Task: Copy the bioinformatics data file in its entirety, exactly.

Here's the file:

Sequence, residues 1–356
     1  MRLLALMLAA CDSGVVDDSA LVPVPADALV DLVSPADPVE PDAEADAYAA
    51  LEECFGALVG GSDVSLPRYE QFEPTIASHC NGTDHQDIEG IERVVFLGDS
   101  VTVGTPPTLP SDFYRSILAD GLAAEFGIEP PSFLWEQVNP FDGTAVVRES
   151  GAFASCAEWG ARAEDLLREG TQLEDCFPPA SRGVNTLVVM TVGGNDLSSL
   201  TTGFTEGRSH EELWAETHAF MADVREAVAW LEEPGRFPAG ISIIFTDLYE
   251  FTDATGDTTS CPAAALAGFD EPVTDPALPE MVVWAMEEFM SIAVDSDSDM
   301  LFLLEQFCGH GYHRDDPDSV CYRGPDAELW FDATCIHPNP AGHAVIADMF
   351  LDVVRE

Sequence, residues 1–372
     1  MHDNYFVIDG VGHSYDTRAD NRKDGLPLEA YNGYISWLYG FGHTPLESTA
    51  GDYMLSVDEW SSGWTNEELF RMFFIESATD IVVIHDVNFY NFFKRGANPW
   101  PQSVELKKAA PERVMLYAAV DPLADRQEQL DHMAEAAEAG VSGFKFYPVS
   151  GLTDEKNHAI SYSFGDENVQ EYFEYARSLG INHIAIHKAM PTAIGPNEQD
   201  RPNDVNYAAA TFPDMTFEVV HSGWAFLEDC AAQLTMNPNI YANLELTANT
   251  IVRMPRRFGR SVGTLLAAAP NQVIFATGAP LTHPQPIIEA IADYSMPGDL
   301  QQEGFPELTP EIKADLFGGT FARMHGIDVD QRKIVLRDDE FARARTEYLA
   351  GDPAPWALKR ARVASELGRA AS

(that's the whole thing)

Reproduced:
Sequence, residues 1–356
     1  MRLLALMLAA CDSGVVDDSA LVPVPADALV DLVSPADPVE PDAEADAYAA
    51  LEECFGALVG GSDVSLPRYE QFEPTIASHC NGTDHQDIEG IERVVFLGDS
   101  VTVGTPPTLP SDFYRSILAD GLAAEFGIEP PSFLWEQVNP FDGTAVVRES
   151  GAFASCAEWG ARAEDLLREG TQLEDCFPPA SRGVNTLVVM TVGGNDLSSL
   201  TTGFTEGRSH EELWAETHAF MADVREAVAW LEEPGRFPAG ISIIFTDLYE
   251  FTDATGDTTS CPAAALAGFD EPVTDPALPE MVVWAMEEFM SIAVDSDSDM
   301  LFLLEQFCGH GYHRDDPDSV CYRGPDAELW FDATCIHPNP AGHAVIADMF
   351  LDVVRE

Sequence, residues 1–372
     1  MHDNYFVIDG VGHSYDTRAD NRKDGLPLEA YNGYISWLYG FGHTPLESTA
    51  GDYMLSVDEW SSGWTNEELF RMFFIESATD IVVIHDVNFY NFFKRGANPW
   101  PQSVELKKAA PERVMLYAAV DPLADRQEQL DHMAEAAEAG VSGFKFYPVS
   151  GLTDEKNHAI SYSFGDENVQ EYFEYARSLG INHIAIHKAM PTAIGPNEQD
   201  RPNDVNYAAA TFPDMTFEVV HSGWAFLEDC AAQLTMNPNI YANLELTANT
   251  IVRMPRRFGR SVGTLLAAAP NQVIFATGAP LTHPQPIIEA IADYSMPGDL
   301  QQEGFPELTP EIKADLFGGT FARMHGIDVD QRKIVLRDDE FARARTEYLA
   351  GDPAPWALKR ARVASELGRA AS